Dear Alice,

What happens if you got too much vitamin C?

Dear Reader,

While vitamin C (a.k.a. ascorbic acid) plays a key role in the absorption of iron, the growth and repair of tissues in various parts of your body, and helps to fight against the common cold, it’s still possible to take in too much. While getting a little more than your recommended daily intake may not present much of a risk to your health, taking in too much could lead to a number of undesirable side effects. How much is too much, you ask? Well, that depends on how much you take in and if you have certain pre-existing medical conditions (more on that later).

Where does vitamin C come from? Since the human body can’t produce vitamin C on its own, it's recommended you get the amount you need from the foods you eat. Luckily, vitamin C is a water-soluble vitamin that’s found naturally in some foods and added to others. Fruits and vegetables such as oranges, green peppers, cantaloupe, strawberries, fresh tomatoes, and potatoes are some of the best sources of vitamin C.

While ingesting a little extra vitamin C is probably not going to cause any major health issues (excess is normally removed from the body when you pee), especially large doses may result in some unpleasant symptoms due to unabsorbed vitamin in the intestinal tract. Possible side effects associated with too high vitamin C intake include:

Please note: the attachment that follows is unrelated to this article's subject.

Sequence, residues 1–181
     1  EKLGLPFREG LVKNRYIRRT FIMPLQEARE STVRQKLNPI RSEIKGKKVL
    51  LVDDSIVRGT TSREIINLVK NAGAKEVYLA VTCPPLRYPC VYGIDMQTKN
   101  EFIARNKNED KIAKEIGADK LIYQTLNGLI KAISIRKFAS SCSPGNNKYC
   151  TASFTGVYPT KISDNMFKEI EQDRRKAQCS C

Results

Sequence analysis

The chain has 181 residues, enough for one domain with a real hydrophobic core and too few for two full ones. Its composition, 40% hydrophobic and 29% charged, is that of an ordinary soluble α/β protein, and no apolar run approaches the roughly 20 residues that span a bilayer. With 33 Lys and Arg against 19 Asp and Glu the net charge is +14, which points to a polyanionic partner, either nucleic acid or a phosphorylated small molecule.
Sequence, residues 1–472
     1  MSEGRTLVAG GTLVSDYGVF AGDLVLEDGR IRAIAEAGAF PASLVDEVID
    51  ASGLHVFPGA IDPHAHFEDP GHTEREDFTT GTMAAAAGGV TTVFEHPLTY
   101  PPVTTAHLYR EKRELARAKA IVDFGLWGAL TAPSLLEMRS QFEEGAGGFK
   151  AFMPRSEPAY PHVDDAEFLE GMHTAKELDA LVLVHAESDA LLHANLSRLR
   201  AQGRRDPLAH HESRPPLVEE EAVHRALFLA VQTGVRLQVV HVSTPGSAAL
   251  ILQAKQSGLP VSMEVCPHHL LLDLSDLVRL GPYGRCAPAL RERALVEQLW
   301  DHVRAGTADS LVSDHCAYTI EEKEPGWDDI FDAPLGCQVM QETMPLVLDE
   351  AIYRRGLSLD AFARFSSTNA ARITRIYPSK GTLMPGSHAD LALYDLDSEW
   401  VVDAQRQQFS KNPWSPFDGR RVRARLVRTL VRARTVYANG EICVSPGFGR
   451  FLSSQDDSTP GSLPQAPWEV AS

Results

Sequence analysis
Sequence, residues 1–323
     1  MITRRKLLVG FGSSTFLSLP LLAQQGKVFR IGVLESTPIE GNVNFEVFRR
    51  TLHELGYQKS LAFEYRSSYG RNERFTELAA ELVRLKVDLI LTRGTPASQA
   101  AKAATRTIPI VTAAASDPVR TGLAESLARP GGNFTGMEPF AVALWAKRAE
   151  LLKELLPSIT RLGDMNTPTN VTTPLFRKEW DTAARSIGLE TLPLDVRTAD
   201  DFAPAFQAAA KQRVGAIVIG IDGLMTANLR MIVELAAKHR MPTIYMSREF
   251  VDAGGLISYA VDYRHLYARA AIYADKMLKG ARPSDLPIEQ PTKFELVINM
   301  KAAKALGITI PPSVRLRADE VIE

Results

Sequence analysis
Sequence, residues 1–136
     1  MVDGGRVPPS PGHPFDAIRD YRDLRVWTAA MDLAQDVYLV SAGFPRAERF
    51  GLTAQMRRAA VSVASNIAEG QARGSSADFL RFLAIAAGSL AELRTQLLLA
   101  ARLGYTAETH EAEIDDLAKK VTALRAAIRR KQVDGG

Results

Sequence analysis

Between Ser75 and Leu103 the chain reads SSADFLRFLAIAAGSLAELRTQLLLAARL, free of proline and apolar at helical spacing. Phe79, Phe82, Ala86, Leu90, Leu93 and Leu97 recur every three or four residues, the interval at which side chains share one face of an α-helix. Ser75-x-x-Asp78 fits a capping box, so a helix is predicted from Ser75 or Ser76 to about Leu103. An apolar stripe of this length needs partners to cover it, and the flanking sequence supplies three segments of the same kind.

To avoid these possible effects, your best bet is to stick to the Recommended Dietary Allowance (RDA) of 75 to 90 milligrams (mg) a day (for men and women ages 19 and older — those who are pregnant, lactating, or who smoke have slightly higher recommendations), with an upper limit of 2,000 mg. While 2,000 mg may be the maximum threshold for most folks, those with some pre-existing health conditions might be negatively affected by consuming smaller doses of vitamin C. For those living with thalassemia, hemochromatosis, sickle cell anemia, or diabetes, seeking medical advice is recommended to determine how much vitamin C is best — because taking too much may cause serious side effects. On the other hand, there are certain groups of people who may have insufficient levels of vitamin C, including people who smoke, use nicotine patches, or folks who have limited food options. The use of certain medications may also interact with vitamin C in the body. For example, taking over-the-counter (OTC) medications, such as aspirin, acetaminophen, and other nonsteroidal anti-inflammatory medications (NSAIDs) while taking vitamin C supplements can cause the level of the drugs in your blood to rise. Also, taking oral contraceptives (birth control pills) or hormone replacement therapy with vitamin C supplements can decrease the effects of estrogen in the body.

If you’re concerned about your vitamin C intake, it’s wise to speak with your health care provider about the amount that’s right for you. You might also speak with a registered dietitian to determine what sorts of vitamin C-rich foods you can incorporate into your diet. Remember, when it comes to vitamins, more may not always be better!

Alice!

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